Squid and snapper madness!
  |  First Published: August 2016

Luckily the snapper haven’t seemed to have noticed how cold and wet it has been during the long winter! This would have to be one of the best snapper bites I have seen in quite a long time for this time of year, which is truly exciting and great to see. To make it even better, the big calamari have well and truly been on the hunt, making bait collection for snapper all too easy!


I just can’t believe that I’m sitting here at this time of year and writing about how good the snapper fishing is. There is a common theme as to where the fish have been caught, which is rather interesting. Joes Island is always a solid place to start looking for snapper as it’s the most basic form of structure that these fish sit on. Tania Sandy was fishing with Jason Munro in an early morning session recently when at 10am her rod buckled and the reel started singing harder than a young contestant on ‘The Voice’! It wasn’t long before a whopping big red was safely in the boat and as the scales read 9kg the excitement on Tania’s face was enormous!

Colin Thompson also put in a few hours on the east side of Joes on a completely different day and interestingly again at 10am off his rod went and old mate snapper, this time at 7.38kg, hit the deck of the boat. This catch definitely made sitting it out in the cold a hell of a lot more worth it. Fresh squid did the trick for Colin.

There have been a lot more snapper caught throughout the top end and the average size has been unbelievable. Chris Preston got into it on a recent trip, and after presenting a freshly caught calamari ring on the bottom an incredibly healthy snapper which stretched the tape to 91cm came up to say ‘hello’. Local angler and snapper whisperer, Heidi, popped into Tackle World Mornington to show us her awesome winter red from a recent trip. This capture was Heidi’s first ever snapper and when the scales told us that the fish weighed in at 7.6kg there was smiles all round!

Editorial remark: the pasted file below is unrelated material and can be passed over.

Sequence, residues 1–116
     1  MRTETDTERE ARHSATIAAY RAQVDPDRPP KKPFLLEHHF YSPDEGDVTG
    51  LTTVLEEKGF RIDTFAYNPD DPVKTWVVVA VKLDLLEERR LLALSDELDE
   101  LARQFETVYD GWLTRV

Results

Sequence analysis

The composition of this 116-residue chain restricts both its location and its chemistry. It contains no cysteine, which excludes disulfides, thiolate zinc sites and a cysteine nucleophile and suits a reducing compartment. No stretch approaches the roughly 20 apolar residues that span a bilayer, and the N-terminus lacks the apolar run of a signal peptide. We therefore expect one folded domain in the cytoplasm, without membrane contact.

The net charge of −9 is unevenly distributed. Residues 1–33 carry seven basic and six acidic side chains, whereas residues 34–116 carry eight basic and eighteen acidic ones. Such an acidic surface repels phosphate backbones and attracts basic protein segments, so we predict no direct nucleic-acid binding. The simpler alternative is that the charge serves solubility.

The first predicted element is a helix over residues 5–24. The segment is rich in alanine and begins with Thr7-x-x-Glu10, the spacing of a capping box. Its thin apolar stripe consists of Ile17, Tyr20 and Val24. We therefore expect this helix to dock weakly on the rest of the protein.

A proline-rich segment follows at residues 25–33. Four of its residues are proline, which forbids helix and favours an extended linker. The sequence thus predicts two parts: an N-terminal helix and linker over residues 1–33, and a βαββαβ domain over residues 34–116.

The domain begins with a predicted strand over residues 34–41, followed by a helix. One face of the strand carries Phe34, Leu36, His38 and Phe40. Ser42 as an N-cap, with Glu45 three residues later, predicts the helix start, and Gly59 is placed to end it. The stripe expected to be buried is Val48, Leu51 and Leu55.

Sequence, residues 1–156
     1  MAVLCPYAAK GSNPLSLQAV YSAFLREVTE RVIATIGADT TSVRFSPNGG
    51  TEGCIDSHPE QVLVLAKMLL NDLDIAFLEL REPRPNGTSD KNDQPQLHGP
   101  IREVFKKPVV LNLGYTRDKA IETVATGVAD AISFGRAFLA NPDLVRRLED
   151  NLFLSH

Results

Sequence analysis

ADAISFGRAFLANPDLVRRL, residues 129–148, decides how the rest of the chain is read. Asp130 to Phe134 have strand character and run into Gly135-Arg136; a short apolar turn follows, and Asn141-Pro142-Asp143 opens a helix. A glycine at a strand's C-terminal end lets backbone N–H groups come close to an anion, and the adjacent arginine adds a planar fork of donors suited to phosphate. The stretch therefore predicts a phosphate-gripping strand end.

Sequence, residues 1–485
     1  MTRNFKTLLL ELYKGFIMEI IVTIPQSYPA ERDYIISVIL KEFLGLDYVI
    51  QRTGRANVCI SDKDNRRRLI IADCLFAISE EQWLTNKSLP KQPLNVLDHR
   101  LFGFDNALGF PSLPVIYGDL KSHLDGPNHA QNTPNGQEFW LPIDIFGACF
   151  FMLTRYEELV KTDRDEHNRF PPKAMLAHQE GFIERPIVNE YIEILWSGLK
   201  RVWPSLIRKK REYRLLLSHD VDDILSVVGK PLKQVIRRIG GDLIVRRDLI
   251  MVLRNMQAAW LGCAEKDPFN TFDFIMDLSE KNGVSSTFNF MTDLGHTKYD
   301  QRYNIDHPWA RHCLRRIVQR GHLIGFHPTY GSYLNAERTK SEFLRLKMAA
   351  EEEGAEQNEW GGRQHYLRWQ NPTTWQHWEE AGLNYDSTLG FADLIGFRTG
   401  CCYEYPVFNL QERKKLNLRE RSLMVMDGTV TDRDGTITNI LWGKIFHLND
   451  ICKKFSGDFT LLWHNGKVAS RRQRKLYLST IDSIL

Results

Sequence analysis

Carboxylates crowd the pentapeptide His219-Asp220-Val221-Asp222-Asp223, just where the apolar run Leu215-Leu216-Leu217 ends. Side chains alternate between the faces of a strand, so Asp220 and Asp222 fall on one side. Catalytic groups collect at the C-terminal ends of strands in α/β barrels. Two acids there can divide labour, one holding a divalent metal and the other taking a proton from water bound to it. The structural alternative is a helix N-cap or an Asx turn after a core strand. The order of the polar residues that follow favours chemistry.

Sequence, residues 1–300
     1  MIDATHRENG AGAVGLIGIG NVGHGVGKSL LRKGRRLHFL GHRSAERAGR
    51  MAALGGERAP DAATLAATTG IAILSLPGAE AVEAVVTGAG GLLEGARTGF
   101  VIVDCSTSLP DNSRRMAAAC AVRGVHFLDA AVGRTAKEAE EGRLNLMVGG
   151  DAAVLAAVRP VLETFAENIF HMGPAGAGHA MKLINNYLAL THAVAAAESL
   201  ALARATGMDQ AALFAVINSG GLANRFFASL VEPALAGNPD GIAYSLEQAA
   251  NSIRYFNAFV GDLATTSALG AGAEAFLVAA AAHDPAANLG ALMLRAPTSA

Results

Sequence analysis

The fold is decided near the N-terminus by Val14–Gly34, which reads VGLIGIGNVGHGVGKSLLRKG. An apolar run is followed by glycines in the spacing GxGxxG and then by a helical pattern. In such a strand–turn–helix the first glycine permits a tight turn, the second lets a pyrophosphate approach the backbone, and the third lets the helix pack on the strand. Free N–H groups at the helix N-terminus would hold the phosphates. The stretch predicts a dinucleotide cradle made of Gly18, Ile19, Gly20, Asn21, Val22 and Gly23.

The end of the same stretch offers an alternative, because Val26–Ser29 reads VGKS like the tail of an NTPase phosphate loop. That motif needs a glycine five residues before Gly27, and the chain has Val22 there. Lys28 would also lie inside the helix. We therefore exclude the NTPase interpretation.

Lysaughts is generally an area that doesn’t get too much coverage at this time of year ­­– but that is all about to change! Matty Stewart, Jarrad Kennard and MJ went out for a few hours on Lysaughts in search of a winter red and boy what a session did they end up having. Jarrad was first up to the plate when his reel started screaming and after a short, adrenalin-pumping fight a massive 9kg fish made its way into the net. No more than 10-minutes later MJ had a crack at knocking over the high bar set by Jarrad. MJ’s fish came in at 6kg – to have two fish in 10-minutes with a combined weight of 15kg in the middle of winter is just an extraordinary effort! Both fish couldn’t turn down a fresh squid head, so if you are keeping your calamari for a feed, never throw the heads out, they are just too good a bait to waste!


The snapper aren’t the only species in the midst of a little purple patch at the moment. It seems the big calamari have turned up in good numbers throughout the top end and they seem really hungry. Pat Ellaby has been fishing up on the Quail Bank and among his bag there was an absolute stonker sporting a 42cm hood. Now that’s a big squid!

The Tyabb Bank is another area that holds a lot of squid at this time of year and quite a few anglers have been making the most of the opportunities presented by these unique critters. Kristian had a cracker of a session up on the bank and left with a new PB calamari at the end of the day. He also managed another eight that were all of similar size. Daiwa nude jigs did the trick for Kristian. The nudes are a great choice in Western Port, they are a hardbodied jig and without the traditional cloth coating on the jig they tend to cut through the water without the drag. This comes in handy when the tide is humming or you need to get that jig down just a little bit deeper.

Jake Gamble has been dominating a few calamari up on the Tyabb Bank with his biggest measuring 47cm over the hood. Any bigger than that and we will have to start referring to them as ‘krakens’!

Well done to everyone who braved the elements and come home with a trophy fish over the last month and thank you for your reports. Keep them coming and good luck!

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